- All-purpose flour may be used to make a variety of baked goods, including breads, muffins, cakes, and cookies.
How to Convert Cake Flour and All-Purpose Flour
- The protein level of these flours isn’t the only factor that distinguishes them from other flours.
- In fact, according to Cooking Light, ″all-purpose flour weighs around 4 ounces per cup, whereas cake flour weighs approximately 4 ounces per cup.″ (Keep in mind that there is a proper technique to measure flour.) For this reason, you’ll need to use a little more cake flour than you would normally use to produce an exact substitute for all-purpose flour.
- To make 1 cup of cake flour equivalent to 1 cup of all-purpose flour, add an additional 2 tablespoons to each cup of cake flour.
- If you’re replacing cake flour with all-purpose flour, you’ll want to reverse the following ratios: Instead of using 2 tablespoons less AP flour per cup of cake flour, try using 2 teaspoons less corn starch per cup of cake flour.
Cake Flour Substitute
- It is possible that this content contains affiliate links.
- Please take the time to read my disclosure policy.
- If you want to produce your own homemade cake flour alternative, you simply need two basic ingredients: all-purpose flour and cornstarch.
- The most important step is to sift them together.
- Use this combination in place of cake flour in any recipe that asks for it.
- As my baking experience improves, I find myself using cake flour into my recipes more and more.
- The fact is that cake flour provides the softest, most supple cakes and cupcakes available.
- Despite my best efforts, I frequently run out of this essential item when I’m in the middle of a recipe testing session.
- So when I’m in a hurry, I whip up this very simple cake flour alternative.
- But let’s take a step back for a moment.
What is Cake Flour?
- Cake flour is a low-protein flour that has been ground to a fine consistency to be used in baking.
- While whole wheat flour has around 7-9 percent protein, all-purpose flour, which is a tougher grain, contains anywhere between 10 and 12 percent What does this signify for those who bake?
- It turns out that the amount of protein in a meal has a direct relationship with gluten production.
- Because cake flour has less protein than regular flour, less gluten is generated during the mixing process.
- The absence of gluten production results in a softer, fluffier texture in the baked goods.
- A high protein level in bread flour indicates that more gluten is formed during the mixing process, which is a good thing.
- The most fundamental breakdown is as follows:
- Cake flour has a low protein content and hence has less gluten, resulting in the softest texture, which is ideal for vanilla cake.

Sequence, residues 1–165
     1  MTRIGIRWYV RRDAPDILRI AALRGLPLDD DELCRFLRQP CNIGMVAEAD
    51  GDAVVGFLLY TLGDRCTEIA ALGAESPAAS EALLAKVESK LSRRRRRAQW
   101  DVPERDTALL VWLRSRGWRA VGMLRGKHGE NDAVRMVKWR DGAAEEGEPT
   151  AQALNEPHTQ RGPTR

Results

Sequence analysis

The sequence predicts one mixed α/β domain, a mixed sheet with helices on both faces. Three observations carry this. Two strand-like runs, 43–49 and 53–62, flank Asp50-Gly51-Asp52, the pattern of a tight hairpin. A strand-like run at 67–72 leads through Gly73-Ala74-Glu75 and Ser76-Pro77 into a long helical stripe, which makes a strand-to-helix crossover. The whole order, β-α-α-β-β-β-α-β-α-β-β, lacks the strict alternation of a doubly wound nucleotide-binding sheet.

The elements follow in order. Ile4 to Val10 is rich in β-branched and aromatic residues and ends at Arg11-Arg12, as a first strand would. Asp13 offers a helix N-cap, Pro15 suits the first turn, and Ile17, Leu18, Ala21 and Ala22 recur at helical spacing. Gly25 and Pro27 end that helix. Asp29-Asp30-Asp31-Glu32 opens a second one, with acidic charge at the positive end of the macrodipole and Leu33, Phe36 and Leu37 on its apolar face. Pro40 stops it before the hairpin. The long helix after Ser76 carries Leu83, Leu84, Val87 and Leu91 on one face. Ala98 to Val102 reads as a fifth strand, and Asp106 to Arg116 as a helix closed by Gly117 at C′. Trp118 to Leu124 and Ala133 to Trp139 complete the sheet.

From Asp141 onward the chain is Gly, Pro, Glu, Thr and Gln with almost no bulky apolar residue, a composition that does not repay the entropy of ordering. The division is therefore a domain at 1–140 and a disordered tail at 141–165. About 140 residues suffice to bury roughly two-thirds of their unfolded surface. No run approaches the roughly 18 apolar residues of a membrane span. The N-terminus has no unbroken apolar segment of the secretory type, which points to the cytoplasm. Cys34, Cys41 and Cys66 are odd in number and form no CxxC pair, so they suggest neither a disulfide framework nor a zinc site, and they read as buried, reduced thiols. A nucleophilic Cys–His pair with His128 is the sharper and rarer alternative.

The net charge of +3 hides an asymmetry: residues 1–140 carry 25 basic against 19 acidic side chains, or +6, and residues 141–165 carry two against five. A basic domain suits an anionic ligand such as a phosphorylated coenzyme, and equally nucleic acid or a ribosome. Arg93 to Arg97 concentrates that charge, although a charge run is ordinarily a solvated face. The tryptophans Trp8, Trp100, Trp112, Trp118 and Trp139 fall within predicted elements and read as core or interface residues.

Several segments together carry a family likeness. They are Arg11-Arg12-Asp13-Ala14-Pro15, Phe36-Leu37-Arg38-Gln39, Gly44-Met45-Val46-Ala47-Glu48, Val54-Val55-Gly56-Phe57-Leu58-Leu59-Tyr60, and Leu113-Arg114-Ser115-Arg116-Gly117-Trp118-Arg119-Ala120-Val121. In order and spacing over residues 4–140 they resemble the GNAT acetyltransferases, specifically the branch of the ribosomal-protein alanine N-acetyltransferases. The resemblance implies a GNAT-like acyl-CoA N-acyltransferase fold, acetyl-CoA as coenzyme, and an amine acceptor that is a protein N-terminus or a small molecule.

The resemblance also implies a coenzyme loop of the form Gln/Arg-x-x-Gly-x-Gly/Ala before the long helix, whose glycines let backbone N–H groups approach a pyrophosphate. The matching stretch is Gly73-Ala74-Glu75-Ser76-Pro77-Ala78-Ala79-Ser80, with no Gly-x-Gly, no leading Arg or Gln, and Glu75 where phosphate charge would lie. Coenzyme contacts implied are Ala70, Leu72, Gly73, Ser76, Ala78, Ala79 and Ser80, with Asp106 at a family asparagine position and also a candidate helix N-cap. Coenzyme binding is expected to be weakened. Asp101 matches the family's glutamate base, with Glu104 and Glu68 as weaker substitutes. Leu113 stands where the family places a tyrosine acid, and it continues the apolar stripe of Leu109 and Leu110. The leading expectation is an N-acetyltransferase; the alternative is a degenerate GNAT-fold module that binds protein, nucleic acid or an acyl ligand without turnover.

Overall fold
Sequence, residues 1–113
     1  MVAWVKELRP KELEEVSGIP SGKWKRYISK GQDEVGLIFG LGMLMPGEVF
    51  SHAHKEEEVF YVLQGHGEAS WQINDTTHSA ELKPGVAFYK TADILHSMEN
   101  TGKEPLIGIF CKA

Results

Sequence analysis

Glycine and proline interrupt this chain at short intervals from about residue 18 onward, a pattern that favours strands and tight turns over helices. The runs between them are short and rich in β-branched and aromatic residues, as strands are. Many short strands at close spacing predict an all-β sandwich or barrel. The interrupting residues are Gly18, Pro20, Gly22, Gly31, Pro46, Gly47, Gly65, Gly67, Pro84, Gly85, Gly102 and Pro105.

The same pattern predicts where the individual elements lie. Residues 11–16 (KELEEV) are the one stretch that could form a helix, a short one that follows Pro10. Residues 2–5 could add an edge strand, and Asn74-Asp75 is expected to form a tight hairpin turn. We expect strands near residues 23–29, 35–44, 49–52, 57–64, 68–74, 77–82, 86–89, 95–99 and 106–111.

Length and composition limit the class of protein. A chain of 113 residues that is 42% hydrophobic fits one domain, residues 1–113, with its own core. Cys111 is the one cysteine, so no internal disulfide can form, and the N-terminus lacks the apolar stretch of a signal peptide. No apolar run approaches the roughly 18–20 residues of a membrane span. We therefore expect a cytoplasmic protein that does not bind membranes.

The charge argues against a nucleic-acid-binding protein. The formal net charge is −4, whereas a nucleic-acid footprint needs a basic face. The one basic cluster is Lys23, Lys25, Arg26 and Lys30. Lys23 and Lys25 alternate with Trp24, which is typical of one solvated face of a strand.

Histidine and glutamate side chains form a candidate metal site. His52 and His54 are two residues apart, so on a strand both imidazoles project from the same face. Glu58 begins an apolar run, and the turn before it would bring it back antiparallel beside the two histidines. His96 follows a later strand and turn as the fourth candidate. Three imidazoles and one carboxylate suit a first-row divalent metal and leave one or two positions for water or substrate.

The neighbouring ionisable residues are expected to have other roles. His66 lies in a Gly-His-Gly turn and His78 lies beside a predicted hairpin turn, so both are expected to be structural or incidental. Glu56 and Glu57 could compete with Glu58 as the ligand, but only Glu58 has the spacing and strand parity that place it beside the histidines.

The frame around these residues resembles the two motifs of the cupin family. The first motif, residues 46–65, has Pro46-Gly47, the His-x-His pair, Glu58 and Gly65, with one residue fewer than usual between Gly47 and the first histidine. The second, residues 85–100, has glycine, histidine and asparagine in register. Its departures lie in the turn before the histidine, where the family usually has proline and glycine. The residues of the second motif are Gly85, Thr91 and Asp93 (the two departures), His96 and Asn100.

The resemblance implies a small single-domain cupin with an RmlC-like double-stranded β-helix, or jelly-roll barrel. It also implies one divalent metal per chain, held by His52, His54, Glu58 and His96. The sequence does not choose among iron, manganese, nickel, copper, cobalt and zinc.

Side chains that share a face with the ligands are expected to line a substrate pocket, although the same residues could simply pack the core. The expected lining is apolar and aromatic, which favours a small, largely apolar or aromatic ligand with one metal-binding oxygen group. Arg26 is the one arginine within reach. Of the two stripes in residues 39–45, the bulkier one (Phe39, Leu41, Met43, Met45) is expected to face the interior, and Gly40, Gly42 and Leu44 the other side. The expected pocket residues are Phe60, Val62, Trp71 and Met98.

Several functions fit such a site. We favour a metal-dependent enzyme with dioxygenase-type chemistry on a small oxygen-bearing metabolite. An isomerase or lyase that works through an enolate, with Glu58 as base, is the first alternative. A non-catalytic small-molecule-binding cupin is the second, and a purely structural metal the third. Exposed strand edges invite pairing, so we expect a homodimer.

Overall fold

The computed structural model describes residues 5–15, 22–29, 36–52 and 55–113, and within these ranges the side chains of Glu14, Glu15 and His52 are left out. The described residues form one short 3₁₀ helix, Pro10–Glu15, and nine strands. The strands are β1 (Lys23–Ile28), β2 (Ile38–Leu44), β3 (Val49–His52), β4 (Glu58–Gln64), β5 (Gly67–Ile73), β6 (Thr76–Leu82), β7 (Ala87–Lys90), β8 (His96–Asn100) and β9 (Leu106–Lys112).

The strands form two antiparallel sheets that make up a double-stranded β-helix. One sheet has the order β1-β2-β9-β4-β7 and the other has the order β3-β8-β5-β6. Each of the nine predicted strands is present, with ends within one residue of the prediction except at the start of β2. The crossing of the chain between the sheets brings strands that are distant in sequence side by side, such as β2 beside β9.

- All-purpose flour has a medium protein content and a moderate gluten content, making it ideal for almost any application.
- Bread flour has a high protein content, which results in greater gluten production and a harder texture, which is ideal for making bread.
What Does That Mean for Baking?
- The smooth, sensitive texture of cake flour translates straight into the baked goods you create.
- Some recipes, on the other hand, are just incompatible with fine cake flour.
- Chocolate cake, for example, already contains cocoa powder, which is a very fine dry ingredient with a high concentration of caffeine.
- Most of the time, the combination of cake flour and cocoa powder results in a cake that is fragile.
- Additionally, because carrot cake and banana cake contain additional moist components (the fruits or vegetables), cake flour isn’t the best choice for these cakes.
- You’ll need a more robust flour, such as all-purpose flour.
- In the case of vanilla cake, white cake, pineapple upside-down cake, red velvet cake, and other desserts in which a fluffy texture is preferred, I use cake flour.
- Cake flour may be used for all-purpose flour to produce a softer funfetti cake, which I have found to be successful.
- With no further modifications to the recipe, substitute the ingredients 1:1.
How to Make a Homemade Cake Flour Substitute
- Step 1: Measure 1 cup all-purpose flour into a measuring cup.
- 2 Tablespoons should be removed.
- Step 2: Measure out 2 tablespoons cornstarch and set aside.
- Add to the flour mixture.
- Cornstarch contains less gluten than flour, making it an excellent tenderizing component for use in the preparation of cake flour.
- Step 3: Sift the ingredients together TWICE.
- Essentially, sift into a mixing bowl only once or twice.
- Continue to sift it through the sifter a second time.
- Sifting not only ensures that the two components are well combined, but it also aerates the mixture, making it more comparable to actual cake flour in consistency.
- Step 4: Take 1 cup of the mixture and set it aside.
- You’ll get around 1 cup out of it anyhow, but sifting can increase the volume a little more because it’s adding air.